Got SMS from Etisalat? Register your SIM card now

A follow up to yesterday’s post regarding registration of SIM cards to the owner’s name (My number, my identity campaign): mobile service provider Etisalat announced they will cancel unverified SIM cards.

They have sent out SMS notices to 1.5 million users kindly asking them to update their personal data within three months, otherwise they will be eligible to lose their SIM cards. If the subscribers fail to update the information within the specified period following the SMSs, the SIM card will be suspended and after another three months the number will be cancelled as well.

So, if you’re with Etisalat, check if you have received that important SMS and if you did, register when you can and don’t wait when your three months is up. I can only imagine the deluge of subscribers rushing to the sales offices to register. I hope Etisalat can well cope with the rush. The rush with the Emirates ID applications was nightmare enough.

My number, my identity

The Telecommunications Regulatory Authority launched the My Number, My Identity campaign in June this year, calling out subscribers to register the SIM card they are using to their names to ensure that the owner of a SIM-Card is responsible for the manner in which it is used (and for the costs and charges associated with it).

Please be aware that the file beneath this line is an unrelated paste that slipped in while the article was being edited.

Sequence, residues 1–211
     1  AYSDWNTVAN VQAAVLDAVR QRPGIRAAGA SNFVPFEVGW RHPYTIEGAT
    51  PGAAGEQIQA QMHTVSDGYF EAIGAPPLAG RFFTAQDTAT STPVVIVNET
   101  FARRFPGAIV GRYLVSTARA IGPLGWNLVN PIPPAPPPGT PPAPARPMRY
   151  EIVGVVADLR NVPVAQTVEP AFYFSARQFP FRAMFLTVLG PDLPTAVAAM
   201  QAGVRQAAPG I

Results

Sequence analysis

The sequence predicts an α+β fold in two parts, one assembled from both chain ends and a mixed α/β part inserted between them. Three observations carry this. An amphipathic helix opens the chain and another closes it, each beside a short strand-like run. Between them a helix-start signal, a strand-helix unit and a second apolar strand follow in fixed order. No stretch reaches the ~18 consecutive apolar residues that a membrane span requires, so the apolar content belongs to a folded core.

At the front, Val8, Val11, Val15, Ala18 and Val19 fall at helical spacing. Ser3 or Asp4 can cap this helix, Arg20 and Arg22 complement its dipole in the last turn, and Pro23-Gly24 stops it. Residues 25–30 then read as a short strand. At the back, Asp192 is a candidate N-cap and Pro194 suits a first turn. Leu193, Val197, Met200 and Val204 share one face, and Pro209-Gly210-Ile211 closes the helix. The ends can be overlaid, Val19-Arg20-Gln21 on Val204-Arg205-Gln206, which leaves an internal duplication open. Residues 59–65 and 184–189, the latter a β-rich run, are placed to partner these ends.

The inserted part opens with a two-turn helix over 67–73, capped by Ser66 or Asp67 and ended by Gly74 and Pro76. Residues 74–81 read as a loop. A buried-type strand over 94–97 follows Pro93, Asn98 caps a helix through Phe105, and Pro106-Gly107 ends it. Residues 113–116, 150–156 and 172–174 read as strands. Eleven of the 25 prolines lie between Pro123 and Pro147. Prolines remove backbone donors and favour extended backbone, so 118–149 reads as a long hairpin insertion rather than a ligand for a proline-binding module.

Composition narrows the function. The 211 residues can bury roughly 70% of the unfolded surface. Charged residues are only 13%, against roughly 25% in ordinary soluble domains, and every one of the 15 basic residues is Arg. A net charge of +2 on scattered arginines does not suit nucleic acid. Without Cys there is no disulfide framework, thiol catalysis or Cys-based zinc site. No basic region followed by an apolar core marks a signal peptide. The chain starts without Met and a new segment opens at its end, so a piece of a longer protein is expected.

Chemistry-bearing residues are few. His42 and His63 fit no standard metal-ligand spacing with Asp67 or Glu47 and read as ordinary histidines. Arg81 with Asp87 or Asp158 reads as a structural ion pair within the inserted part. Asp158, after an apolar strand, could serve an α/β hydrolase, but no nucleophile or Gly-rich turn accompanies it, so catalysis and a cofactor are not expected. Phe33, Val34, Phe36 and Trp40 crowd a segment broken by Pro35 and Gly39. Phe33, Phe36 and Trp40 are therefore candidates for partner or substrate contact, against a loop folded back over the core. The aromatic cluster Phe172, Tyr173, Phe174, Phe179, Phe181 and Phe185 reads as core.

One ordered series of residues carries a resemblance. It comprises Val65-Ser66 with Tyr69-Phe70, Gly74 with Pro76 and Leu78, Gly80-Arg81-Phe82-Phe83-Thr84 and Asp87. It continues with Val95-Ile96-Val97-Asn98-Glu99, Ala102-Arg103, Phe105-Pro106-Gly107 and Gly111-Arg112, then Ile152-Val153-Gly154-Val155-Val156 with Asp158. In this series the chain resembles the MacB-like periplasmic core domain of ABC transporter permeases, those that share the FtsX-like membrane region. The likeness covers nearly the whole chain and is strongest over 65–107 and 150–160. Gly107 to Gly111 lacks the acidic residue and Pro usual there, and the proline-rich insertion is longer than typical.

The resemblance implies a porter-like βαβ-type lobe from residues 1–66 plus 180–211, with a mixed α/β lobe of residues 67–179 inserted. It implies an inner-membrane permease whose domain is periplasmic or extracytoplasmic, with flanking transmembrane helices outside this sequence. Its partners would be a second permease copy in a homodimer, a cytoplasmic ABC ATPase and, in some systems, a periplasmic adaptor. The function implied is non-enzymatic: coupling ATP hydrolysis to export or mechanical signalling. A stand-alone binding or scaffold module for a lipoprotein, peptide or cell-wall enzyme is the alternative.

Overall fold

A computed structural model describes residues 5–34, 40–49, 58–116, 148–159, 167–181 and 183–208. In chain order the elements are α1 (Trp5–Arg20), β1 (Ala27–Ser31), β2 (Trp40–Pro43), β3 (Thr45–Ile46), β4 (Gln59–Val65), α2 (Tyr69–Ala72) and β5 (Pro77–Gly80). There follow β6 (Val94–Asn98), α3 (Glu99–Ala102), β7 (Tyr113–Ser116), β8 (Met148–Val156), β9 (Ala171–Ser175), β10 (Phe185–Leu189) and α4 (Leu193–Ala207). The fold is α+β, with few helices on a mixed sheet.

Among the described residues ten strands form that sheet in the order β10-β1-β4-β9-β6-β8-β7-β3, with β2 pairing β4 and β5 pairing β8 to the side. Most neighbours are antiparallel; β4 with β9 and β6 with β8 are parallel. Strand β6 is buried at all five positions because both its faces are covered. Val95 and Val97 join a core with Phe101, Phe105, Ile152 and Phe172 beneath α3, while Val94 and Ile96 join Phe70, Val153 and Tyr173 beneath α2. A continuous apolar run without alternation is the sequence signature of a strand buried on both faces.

Background info: Whenever we buy a SIM card to be used here, we need to submit identification documents, usually in the form of passport copy.

Back in the days when a SIM cards was expensive (I bought mine at AED165 or US$45 in 2007 now you can buy as low as AED40), I know so many people leaving Dubai just giving away their SIM cards forĀ  other friends/family members to use.

Now, those SIM cards need to be registered to the name of the current user for a small fee. Registration can be done by visiting any mobile service provider Du or Etisalat sales offices and bringing an identification papers (Passport or Emirates ID).

I admit, at first, I thought: what a hassle! but the initiative makes sense.

According to the TRA website:

Sharing or giving away your SIM-Card to others can cause unwanted consequences, including being held accountable for any improper conduct or misuse associated with the mobile phone subscription by the authorities.

Just out of curiosity, I wonder: how many other countries are doing something like this?

More important question: Are you a UAE resident and have you already registered your SIM card to your name?